The New York Times reported yesterday:
American Crossroads, the biggest of the Republican “super PACs,” is planning to begin its first major anti-Obama advertising blitz of the year, a moment the Obama re-election campaign has been girding for and another sign that the general election is starting in earnest.
With an anticipated bank account of more than $200 million, officials at American Crossroads said they would probably begin their campaign this month. But they said they would focus the bulk of the first phase from May through July, which they believe is a critical period for making an impression on voters, before summer vacations and the party conventions take place.
Crossroads was co-founded by our old friend Karl Rove. It's probably smart for them to start attacking President Obama now, since President Obama is already taking a few shots at Romney. But negative ads aren't going to help the fact that Mitt Romney is currently the most disliked presidential candidate in recent memory.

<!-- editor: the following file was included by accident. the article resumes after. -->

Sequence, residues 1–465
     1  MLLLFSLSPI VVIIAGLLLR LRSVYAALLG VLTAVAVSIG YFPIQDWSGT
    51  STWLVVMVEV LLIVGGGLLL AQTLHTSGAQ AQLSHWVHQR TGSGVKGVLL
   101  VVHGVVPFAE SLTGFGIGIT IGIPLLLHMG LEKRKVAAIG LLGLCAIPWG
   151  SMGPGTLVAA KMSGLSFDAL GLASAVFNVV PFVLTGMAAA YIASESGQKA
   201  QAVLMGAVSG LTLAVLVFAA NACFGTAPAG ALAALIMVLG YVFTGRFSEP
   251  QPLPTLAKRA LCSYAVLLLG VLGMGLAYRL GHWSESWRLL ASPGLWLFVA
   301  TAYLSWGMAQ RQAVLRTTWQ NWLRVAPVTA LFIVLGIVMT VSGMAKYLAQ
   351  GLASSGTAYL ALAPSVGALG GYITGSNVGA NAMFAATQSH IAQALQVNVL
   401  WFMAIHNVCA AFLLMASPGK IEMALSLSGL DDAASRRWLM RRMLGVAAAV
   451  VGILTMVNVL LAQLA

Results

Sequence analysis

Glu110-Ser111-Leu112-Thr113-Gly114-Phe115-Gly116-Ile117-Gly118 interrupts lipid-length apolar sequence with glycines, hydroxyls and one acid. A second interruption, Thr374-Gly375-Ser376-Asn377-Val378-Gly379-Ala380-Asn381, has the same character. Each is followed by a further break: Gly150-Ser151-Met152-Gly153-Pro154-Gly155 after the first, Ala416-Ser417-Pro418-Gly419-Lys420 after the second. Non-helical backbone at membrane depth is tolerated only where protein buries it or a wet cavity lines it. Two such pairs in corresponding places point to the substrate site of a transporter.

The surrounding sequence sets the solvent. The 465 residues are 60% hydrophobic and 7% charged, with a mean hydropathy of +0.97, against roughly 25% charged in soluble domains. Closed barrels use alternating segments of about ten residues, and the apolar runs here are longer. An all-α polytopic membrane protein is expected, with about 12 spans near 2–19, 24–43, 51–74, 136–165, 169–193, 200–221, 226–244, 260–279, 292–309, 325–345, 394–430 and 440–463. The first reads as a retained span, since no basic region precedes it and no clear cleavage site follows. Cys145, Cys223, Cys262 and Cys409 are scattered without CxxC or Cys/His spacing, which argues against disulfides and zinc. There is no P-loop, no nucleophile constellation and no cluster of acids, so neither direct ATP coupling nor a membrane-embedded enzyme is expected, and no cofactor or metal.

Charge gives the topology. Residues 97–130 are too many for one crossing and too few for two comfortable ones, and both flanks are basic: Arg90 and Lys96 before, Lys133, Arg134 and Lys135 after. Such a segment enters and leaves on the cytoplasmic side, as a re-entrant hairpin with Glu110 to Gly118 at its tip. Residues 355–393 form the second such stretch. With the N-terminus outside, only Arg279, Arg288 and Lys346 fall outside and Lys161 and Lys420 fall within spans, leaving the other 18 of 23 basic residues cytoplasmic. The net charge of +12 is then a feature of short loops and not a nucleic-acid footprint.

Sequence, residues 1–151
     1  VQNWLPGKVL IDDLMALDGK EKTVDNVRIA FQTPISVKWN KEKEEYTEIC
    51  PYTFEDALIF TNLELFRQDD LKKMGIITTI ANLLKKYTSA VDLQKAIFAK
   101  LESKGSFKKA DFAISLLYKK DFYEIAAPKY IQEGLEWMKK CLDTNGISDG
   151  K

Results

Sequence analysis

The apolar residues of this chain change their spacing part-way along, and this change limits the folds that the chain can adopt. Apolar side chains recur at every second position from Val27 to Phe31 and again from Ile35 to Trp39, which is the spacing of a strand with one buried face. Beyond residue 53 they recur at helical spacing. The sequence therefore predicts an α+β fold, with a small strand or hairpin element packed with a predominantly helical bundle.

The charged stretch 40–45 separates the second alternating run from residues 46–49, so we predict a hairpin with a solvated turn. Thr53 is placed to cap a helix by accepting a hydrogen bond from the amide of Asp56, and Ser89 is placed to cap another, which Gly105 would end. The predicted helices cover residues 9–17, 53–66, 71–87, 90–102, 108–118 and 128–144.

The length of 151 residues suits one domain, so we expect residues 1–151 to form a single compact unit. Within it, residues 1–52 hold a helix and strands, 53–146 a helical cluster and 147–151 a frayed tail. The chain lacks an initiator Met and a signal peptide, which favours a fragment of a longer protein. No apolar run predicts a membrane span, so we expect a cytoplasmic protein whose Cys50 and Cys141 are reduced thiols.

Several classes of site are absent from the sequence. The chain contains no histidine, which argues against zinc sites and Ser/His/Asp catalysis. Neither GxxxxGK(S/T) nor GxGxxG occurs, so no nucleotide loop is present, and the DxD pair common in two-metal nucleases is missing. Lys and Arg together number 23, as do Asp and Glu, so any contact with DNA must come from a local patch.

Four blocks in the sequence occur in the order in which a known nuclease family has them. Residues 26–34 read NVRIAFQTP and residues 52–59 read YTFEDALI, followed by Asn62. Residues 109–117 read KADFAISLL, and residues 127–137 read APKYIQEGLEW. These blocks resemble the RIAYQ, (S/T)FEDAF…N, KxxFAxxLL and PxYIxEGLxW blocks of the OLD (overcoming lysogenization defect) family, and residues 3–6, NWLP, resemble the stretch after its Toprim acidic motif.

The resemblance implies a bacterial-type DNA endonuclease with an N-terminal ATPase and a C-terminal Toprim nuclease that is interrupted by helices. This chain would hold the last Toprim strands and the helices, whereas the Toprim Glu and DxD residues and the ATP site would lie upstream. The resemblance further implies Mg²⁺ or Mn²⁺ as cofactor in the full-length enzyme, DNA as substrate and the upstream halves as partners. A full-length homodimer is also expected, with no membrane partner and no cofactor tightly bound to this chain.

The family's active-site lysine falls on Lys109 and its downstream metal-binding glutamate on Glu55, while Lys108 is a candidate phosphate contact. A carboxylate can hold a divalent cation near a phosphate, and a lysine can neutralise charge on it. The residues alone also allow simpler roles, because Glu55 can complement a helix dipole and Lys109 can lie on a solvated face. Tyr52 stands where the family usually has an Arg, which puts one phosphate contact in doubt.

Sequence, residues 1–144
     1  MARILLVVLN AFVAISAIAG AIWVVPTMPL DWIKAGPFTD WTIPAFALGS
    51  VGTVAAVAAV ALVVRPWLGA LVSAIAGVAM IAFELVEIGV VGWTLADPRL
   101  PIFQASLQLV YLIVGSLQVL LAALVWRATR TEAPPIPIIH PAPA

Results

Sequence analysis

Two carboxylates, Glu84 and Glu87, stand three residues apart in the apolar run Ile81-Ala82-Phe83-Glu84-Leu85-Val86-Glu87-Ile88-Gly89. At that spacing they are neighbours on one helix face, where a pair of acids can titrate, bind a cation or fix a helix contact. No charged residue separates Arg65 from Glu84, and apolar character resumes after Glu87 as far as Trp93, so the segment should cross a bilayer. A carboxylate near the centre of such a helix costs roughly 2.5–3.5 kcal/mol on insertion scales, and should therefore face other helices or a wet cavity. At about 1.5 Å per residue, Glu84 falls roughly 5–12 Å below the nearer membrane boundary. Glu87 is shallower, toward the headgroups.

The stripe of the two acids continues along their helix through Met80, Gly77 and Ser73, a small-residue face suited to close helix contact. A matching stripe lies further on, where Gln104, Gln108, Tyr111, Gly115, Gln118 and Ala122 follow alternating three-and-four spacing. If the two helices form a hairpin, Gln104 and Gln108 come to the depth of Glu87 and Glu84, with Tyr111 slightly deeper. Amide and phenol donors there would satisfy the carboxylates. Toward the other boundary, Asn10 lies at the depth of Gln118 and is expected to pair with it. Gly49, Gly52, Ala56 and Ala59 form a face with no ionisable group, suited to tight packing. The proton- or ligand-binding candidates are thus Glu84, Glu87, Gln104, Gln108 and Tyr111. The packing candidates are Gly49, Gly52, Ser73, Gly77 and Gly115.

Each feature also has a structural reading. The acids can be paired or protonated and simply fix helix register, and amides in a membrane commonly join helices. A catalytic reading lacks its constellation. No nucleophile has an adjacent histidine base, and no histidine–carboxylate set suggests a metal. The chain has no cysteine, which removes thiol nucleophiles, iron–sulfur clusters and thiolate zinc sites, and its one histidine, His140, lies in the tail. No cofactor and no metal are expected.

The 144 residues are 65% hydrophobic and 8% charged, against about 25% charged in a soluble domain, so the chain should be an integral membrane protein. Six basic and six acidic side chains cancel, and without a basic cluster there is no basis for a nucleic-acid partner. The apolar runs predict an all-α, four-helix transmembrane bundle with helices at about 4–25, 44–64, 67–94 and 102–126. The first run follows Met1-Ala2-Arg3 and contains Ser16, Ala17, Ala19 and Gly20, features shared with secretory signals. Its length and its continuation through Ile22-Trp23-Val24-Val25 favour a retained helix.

I've written about what I believe the Republican strategy is going to be this time around: Pour as much toxic sludge into the pond in order to try to suppress voter enthusiasm. When fewer people vote, Republicans win, and so by making the presidential campaign a completely distasteful experience for voters, they'll drive away enough independents to push the numbers in Romney's favor. It's a disgusting strategy that just might work, if the DNC can't organize as efficiently as they did in 2008. But there's a flip side to this strategy, too: Nobody buys it when a candidate claims that they have no control over their Super PACs; everyone recognizes that an anti-Obama ad is a pro-Romney ad. If Republican Super PACs go overboard in attacking the president with their own candidate running at such dismal likability numbers, they could wind up making Romney even more unlikable.
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